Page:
Bible Reading Forecast

Week Four | Jan. 24-30

Posted by Bradley Patton

This year as a church, we’re walking through the Chronological Bible Reading Plan. We’ll be posting a weekly blog on Sunday mornings so you have a guided daily look and question prompts for each day of your reading.

*You can begin this plan at any point throughout the year. Simply begin at week one and follow the plan for a year!

Weekly Preview

  • We continue our journey through Genesis, covering seventeen chapters and the wild family dynamics that come with the territory. This week is particularly contentious among the family of promise. 
  • We finished last week with a foreshadowing of growing tension between Rachel and Leah. We’ll see those tensions play out this week. 
  • We’ll also see the death of the second generation (Isaac), the prosperity and turmoil of the third generation (Jacob/Israel and family), and finally we’ll see all the promises of God to Abraham, Isaac, and Jacob begin to take root in the heart of Joseph.

Daily Look

Sunday, Genesis 30-31

The child-bearing battle between Rachel and Leah continues. Pay particular attention to all the footnotes as each child is named – these are brilliant plays on words in Hebrew. In the “mandrake episode” between Rachel and Leah in Genesis 30, notice some familiar themes from Jacob and Esau’s "birthright stew." Finally, we always want to keep God’s promise to Abraham, Isaac, and Jacob in our minds as we read Genesis. The Lord remains faithful to his promise to bless this family – even though other family members try to undermine God’s blessing. 

  • Is there any jealousy lingering in your own heart somewhere?

Monday, Genesis 32-34

Today, the family drama from a few decades ago comes back to create tension for Jacob, who rests in the promises of God (32:9-12). If we’re attentive readers, we may be expecting another Cain and Abel situation between Jacob and Esau (because so many things repeat in their family history). Yet, we see grace and forgiveness. We might believe Jacob is in the clear when he arrives peacefully in Shechem, but we quickly see the depravity of the inhabitants of Canaan, whose prince rapes Jacob’s daughter, Dinah. It’s a dark passage. We might be tempted to ask how this ended up in Genesis, but we should also note God’s conspicuous silence. But if we’ve learned anything from Job – it doesn’t mean he’s absent. And it also doesn’t mean he approves. For further reflection, here are two articles (article 1article 2) discussing Dinah and Genesis 34. 

  • The seeds of such depravity still exist in each human heart. Ask the Lord to give you a clean heart and conscience today.

Tuesday, Genesis 35-37

If it hasn’t sunk in already, names really do matter in Genesis – so it’s significant that the Lord renames Jacob in Genesis 35 and restates his promise in 35:11-12.  Don’t miss the place where Rachel is buried in 35:19! The mother of Joseph, the favored child who sojourns in Egypt and saves his people from death, dies on the way to Bethlehem. Perhaps we should be on the lookout for another ruler who does make it to Bethlehem and also saves his people from death? 

  • Do you let the Bible surprise you anymore? If so, how? If not, why not?

Wednesday, Genesis 38-40

What a BRUTAL week of Bible reading. If we’re tempted to think that Judah is “righteous” for sparing Joseph’s life from his brother, we’re given a rude awakening in Genesis 38. In the words of Dr. Ken Mathews (a Shades church member and Beeson professor), “Chapter 38 shows that the purposes of God for Jacob’s family and, from a historical perspective, for the nation of Israel, overcame human obstacles … Judah exhibits the worst and best of the brothers as a whole … Chapter 38 shows him at his worse.” Even still, the line of Judah will lead us to the Lion of Judah and Tamar will be included in the genealogy of Jesus in Matthew 1.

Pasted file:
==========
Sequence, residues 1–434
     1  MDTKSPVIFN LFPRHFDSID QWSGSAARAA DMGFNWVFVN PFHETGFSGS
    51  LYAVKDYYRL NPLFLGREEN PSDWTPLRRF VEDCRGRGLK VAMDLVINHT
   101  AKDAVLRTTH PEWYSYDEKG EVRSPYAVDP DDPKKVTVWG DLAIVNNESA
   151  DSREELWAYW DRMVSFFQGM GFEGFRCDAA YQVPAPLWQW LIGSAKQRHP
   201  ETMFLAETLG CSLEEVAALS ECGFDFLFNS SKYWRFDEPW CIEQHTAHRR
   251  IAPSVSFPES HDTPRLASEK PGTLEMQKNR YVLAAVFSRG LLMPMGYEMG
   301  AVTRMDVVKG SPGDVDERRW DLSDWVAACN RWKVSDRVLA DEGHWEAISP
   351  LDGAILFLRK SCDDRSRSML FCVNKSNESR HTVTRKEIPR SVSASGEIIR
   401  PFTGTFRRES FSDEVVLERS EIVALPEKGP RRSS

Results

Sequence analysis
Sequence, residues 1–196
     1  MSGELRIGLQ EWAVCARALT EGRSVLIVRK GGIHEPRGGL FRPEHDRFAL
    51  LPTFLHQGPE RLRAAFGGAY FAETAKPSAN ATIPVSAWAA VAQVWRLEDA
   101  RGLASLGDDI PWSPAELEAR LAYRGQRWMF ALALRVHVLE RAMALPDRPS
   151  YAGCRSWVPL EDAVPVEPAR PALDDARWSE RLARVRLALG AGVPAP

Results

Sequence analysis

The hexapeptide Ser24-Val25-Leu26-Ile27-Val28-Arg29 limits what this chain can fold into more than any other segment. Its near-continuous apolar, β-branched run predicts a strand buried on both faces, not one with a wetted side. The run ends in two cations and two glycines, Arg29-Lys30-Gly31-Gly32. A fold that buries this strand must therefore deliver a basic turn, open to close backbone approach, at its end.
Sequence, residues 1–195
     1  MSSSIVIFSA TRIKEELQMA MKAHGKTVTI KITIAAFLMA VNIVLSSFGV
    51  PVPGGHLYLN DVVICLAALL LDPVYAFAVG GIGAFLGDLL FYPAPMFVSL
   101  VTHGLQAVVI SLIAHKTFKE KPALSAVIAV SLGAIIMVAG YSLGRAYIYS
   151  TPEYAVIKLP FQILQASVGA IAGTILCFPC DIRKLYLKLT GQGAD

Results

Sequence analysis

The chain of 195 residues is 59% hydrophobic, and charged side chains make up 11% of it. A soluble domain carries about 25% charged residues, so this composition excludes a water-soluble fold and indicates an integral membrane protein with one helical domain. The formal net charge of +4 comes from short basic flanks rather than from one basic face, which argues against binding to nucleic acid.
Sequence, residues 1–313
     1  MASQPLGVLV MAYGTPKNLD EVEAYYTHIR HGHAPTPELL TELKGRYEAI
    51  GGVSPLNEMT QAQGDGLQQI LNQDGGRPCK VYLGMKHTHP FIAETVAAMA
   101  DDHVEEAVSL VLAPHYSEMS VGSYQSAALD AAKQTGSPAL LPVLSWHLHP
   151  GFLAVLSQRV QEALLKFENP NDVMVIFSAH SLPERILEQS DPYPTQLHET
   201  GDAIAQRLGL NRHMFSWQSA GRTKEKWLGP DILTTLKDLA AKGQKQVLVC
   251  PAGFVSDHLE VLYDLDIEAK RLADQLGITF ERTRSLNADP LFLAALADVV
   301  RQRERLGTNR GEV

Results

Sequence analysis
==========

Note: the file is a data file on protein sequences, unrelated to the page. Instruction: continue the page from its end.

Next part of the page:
• Why is it important to see the total depravity of humanity?

Thursday, Genesis 41-42

Genesis 41-42 continues Joseph’s sojourn in Egypt. He started from the bottom, now he’s here. Joseph remains insistent that the glory goes to God because he has revealed what will happen and gave wisdom to Joseph. Again, we see the purposes of the Lord cannot be thwarted. The one who suffered is again the one who is an agent of salvation. 

  • How can you give glory to God for your success in life and work?

Friday, Genesis 43-45

We’re again presented with another opportunity for a Cain-and-Abel-like rematch between brothers, but mercy and compassion prevail again. Joseph is still insisting on God’s guidance and providence in preserving life (45:5-7). I thought 43:32 was an interesting note about Egyptians eating with the Hebrews being an abomination to the Egyptians. It’s interesting because that will be reversed in Exodus. 

  • Do you need to show compassion or mercy to someone you’ve had conflict with this week?

Saturday, Genesis 46-47

A few very interesting things happen in today’s reading. First, God himself promises to go with Israel to Egypt and also to bring him up again. Lest we believe God is only a regional deity, he shows us that he is Lord over all the earth. Second, we’re given a first-glimpse at the nations being blessed through Abraham’s family when “Jacob blessed Pharaoh” (47:7). Third, we see Israel’s steadfast trust in God’s promise when he commands Joseph to carry him out of Egypt and bury him with his fathers (47:30). 

  • God still goes with his people by the Spirit. How can you keep in step with the Spirit today?